Perhaps, many of these ten readers, who check my blog, are aware that there exists such version control system as Git. There is said a lot about Git in comparison to other tools (here's some StackOverflow threads). Mostly it breaks down to these points:
- Git is powerful
- Git is complicated to use
- Git is badly documented
- Git is incapable to checkout (lock) our Word documents!
It is fairly clear (especially from the last bullet) that no manager would use Git as revision-control tool. Plain old SVN or even CVS would seem a better choice. Perhaps, one of the reasons is that the managers learned it back then, when they were developers yet. But I also think that there is another reason.
Joel and pointers
Joel Spolsky is famous for some of his insightful and somewhat flattering speeches about how software development should be organized. There is one his quote of particular interest, because, in addition to flattery, it is also true.
I’ve come to realize that understanding pointers in C is not a skill, it’s an aptitude. <...> For some reason most people seem to be born without the part of the brain that understands pointers. Pointers require a complex form of doubly-indirected thinking that some people just can’t do, and it’s pretty crucial to good programming.
Joel Spolsky, The Guerrilla Guide to Interviewing blog post, v3.0
I can't say the same with the same confidence level--still don't have enough experience. But, from scientific point of view, to be fair, I haven't seen anything that contradicts it: the best programmers are those who understand pointers.
Git and pointers
And now, what has it to do with Git? Well, everything.
The thing is that the structure of a Git repository is a topologically sorted graph with some pointers to its nodes. And this graph is surely not represented with adjacency matrix, but with pointers as well. Here's a graph of how my local clone of working repository looks like:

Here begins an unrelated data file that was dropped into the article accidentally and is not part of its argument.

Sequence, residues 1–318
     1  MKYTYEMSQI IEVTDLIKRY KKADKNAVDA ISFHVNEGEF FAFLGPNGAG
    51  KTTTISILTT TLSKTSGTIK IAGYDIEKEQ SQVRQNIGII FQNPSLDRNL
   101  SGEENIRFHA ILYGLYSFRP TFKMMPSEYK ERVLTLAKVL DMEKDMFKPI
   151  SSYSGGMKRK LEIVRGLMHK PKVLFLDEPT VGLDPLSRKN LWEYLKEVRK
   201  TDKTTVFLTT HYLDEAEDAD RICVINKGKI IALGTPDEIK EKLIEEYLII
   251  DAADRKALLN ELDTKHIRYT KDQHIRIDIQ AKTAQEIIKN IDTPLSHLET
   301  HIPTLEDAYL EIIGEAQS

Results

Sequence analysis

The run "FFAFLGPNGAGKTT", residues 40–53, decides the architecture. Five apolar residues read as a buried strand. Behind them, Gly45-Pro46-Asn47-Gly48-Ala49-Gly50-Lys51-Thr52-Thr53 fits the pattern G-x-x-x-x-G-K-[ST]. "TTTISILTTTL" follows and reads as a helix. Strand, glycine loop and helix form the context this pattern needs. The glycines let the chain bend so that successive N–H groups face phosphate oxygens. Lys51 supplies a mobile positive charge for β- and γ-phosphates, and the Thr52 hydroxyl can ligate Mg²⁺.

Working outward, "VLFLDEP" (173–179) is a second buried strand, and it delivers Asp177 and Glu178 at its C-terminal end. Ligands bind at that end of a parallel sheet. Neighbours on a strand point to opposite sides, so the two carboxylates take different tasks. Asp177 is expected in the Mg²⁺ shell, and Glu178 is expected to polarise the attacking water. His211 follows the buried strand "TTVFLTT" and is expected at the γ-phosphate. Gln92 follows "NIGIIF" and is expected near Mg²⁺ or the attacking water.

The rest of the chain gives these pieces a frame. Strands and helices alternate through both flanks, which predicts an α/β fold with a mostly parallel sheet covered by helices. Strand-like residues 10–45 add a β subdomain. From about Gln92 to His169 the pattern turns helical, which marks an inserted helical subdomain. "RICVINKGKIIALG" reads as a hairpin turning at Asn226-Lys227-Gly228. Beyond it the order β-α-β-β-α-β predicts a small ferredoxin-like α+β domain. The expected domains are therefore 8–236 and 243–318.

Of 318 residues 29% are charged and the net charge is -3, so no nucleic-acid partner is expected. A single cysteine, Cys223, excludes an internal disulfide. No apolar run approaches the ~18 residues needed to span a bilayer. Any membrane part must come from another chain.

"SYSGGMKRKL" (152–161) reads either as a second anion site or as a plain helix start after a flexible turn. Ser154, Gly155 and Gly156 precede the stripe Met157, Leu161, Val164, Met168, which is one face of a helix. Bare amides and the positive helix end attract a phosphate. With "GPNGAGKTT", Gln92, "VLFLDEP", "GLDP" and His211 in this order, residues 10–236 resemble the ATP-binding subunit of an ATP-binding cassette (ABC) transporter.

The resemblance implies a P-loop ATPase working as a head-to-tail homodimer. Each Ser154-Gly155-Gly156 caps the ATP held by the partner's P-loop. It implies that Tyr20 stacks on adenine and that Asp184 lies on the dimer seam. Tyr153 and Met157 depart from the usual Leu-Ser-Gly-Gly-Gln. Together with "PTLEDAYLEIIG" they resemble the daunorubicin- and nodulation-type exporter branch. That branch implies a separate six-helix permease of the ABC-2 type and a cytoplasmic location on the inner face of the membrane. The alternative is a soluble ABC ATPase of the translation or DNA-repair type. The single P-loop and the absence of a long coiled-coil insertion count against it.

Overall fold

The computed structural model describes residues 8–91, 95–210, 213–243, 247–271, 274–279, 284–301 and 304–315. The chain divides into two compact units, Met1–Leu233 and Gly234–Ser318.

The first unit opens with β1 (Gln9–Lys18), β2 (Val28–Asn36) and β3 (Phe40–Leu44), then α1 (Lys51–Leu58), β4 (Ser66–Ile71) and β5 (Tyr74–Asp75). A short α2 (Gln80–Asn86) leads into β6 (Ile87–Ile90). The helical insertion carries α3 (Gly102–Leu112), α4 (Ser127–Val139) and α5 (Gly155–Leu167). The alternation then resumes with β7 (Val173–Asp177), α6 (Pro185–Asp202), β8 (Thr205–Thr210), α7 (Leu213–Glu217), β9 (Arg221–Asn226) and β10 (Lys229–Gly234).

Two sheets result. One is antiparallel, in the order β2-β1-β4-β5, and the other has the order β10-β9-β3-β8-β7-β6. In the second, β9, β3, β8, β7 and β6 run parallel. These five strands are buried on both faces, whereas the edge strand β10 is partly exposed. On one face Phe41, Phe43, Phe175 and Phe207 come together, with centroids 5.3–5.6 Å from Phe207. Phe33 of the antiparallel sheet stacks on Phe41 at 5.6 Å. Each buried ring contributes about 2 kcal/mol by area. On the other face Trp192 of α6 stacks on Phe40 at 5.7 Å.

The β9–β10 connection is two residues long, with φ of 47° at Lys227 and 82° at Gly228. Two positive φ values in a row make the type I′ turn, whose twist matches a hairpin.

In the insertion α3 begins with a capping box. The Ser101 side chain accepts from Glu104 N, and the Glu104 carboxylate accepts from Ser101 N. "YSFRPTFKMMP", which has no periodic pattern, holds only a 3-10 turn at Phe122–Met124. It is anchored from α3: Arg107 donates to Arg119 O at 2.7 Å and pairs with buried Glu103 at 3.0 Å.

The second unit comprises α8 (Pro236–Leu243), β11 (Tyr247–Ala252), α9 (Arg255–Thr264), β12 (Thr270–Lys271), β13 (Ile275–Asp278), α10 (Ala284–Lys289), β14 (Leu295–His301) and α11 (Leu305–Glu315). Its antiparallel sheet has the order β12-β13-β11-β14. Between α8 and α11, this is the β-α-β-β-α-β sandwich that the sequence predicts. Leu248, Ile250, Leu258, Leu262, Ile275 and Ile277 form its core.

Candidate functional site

(the graph is created with aid of this one-liner)
Each commit has a number of parents, which are pointers, unpainted arrows along the edges drawn (and the convention is that parents are below children). Each tag is a fixed pointer to the commit, and each branch is a pointer that is designated to be constantly moving. The scary rebase thing is just changing a couple of pointers (and commit IDs).
Of course, you most likely would only understand these at the speed of reading if you already knew this. But I noticed also that explaining it this way, though it takes longer time, leads to better understanding and less mess in the repositories, to which less trash is committed. Many seemingly unrelated concepts of Git are better understood if you don't try to elide complexity of repository structure. After a failure to explain this verbally, I drew these pictures to explain what's the difference between pull and pull --rebase (those were referred to in the summary you read in your feed or may read at the top of this page):
And I think it worked: after that the developer that saw them started to produce much less cruft (contrary to the other guy :-)).
So I think, Git is a rare case when attempts to keep things simple lead to worse understanding. Instead, programmers' "aptitudes" of understanding pointers well should be utilized to provide better though more complex explanation. Eventually, they'll be picked up.
Joel and Git
From this perspective, the fact that Joel actually likes Mercurial, not Git, and has even written a very relevant tutorial on it should have rendered my claims unsound.
Mercurial is said to have the same architecture and be based on the same principles as Git. However, its advantage (personally, I think that it's a disadvantage) is that it smooths sharp corners when developer has to interact with these strange pointers.
Perhaps, that's why Joel picked Mercurial as a basis for the product he promotes with that tutorial (yes, there's an ad in the corner; take a closee look ;-)). If it's simple, it has better acceptance, since more people are capable to smoothly understand how to work with it. As to understanding principles, well, is it really necessary for software to be sold?..
Git and you
The summary is that, if you're a developer that possess a somewhat brain-damaging skill of understanding how these queer pointers work, Git's learning process would be much less hard than it's depicted. No matter what you do with it, even if you don't develop, but just utilize Git to backup config files on your machine, Git's a tool that speaks your language. And as a return of a modest time investment, you'll get a powerful tool that will smoothly bring the way you used to thinking about things into your version control.
Comments imported from the old website
Author Paul Shved
Modified May 12, 2010
License CC BY-SA 3.0